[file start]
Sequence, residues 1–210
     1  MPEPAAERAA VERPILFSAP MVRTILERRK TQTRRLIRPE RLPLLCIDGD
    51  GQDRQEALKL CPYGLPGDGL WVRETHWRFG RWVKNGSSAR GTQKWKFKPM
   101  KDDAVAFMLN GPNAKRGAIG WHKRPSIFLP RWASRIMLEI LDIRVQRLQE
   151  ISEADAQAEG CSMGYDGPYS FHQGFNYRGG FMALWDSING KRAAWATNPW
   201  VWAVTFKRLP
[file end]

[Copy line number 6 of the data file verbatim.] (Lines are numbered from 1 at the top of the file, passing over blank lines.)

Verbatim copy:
   201  VWAVTFKRLP